Dr Mogalakwe points out that, “there are however at least two interesting features of Botswana’s economic development that warrants special attention. The first is that unemployment, poverty and overall social inequality has grown side by side with this much vaunted phenomenal economic growth.”

The most recent but conservative statistics estimate that 45 percent of Botswana’s income goes to only 10 percent of the population and 23.4 percent of Batswana live on less than one dollar a day.“The second interesting feature of Botswana’s economy is that the economy is largely foreign controlled and owned,” stated Dr Mogalakwe.

A report by Tsa Badiri consultancy released last year revealed that between 2004 and 2006, of the 124 companies that were awarded government contracts, worth about P1,085 billion, 62 percent of them were citizen owned, 23 percent foreign owned and 15 percent joint ventures between citizens and foreigners.

However, in terms of the value of the business awarded, citizen-owned companies got a mere 17 percent while a colossal 78 percent went to foreign owned companies. The Tsa Badiri consultancy further revealed that the average size of credit facility granted to a citizen owned company was about P170 000 compared to the average size of credit facility of P800 00 granted to a foreign owned company. The report consultancy further found that 53 percent of top level management positions of managing director, chief executive officer and general manager are held by foreigners. In the tourism sector, 86 percent of these positions are held by foreigners, and in the construction and manufacturing sector the figures are 64 and 60 percent respectively.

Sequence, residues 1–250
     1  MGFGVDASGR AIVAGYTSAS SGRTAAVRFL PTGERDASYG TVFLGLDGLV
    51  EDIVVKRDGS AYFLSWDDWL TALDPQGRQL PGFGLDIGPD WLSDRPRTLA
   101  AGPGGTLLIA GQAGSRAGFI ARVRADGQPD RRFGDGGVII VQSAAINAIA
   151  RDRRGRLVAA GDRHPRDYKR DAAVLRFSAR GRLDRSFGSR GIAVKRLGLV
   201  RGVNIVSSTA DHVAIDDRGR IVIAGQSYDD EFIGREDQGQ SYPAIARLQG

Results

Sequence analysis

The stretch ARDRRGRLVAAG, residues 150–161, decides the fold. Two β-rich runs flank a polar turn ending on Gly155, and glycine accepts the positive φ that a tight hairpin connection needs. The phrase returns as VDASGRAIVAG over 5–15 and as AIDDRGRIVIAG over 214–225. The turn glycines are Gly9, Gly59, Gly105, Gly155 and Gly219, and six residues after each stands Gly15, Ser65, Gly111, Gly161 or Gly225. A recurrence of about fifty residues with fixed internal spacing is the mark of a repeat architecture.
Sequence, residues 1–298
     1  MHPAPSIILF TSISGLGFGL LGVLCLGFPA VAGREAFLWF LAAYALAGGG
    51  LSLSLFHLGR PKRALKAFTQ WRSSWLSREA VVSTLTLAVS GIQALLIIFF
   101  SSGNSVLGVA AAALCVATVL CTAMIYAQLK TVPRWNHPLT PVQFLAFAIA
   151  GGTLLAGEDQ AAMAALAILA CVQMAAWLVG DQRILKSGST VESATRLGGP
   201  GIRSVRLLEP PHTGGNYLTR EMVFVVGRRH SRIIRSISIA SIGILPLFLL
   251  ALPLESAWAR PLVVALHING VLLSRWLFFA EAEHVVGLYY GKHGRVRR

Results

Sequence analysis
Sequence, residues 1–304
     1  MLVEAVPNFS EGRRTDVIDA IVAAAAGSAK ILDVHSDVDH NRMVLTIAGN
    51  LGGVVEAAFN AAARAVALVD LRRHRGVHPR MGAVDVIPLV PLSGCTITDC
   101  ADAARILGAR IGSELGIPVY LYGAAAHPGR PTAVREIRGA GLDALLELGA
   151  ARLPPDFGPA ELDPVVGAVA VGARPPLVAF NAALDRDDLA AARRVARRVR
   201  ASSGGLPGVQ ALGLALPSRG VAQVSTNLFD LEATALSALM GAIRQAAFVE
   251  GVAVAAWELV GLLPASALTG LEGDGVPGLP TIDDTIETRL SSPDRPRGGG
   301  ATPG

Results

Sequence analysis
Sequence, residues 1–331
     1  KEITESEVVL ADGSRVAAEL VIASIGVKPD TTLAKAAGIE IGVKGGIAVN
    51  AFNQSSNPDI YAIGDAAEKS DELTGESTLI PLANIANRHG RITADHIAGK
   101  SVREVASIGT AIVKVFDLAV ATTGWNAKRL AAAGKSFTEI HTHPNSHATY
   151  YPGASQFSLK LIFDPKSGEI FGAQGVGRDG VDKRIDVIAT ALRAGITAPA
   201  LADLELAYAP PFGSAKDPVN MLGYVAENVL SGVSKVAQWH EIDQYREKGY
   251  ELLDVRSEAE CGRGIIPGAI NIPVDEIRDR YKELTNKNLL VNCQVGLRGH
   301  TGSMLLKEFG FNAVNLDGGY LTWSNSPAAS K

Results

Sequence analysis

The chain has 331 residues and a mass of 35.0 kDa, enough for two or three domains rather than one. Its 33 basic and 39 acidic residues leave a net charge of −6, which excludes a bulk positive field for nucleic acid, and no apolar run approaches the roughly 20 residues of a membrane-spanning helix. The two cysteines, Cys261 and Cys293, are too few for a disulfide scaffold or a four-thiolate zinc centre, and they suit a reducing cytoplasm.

“The question is how has it been possible that Botswana’s phenomenal economic growth has not benefited the majority of its citizens?” asks Dr Mogalakwe.

The Tsa Badiri report maintains that there is no explanation for these wage differentials. Dr Mogalakwe insists that, “in fact there is. During the colonial days, citizens of Botswana were deliberately paid low wages on the basis that equal pay for equal work would create an expensive local elite cut off from the vast majority of the peasants, increase government costs and would be economically unsustainable in the long term. In the post colonial period, the citizens of Botswana were again deliberately paid lower wages on the assumption that a policy of equal pay (with expatriates) for equal work would mean less employment opportunities for other citizens. As a result expatriates are still notched above citizen employees of similar qualification, skill or experience.”
Further aggravating the situation, expatriates are paid gratuities, ostensibly in order to compensate them for lack of job security, while citizens are locked in pension schemes for their “own good” and have to wait for their retirement, so that they will have something to live on.


Read this week's paper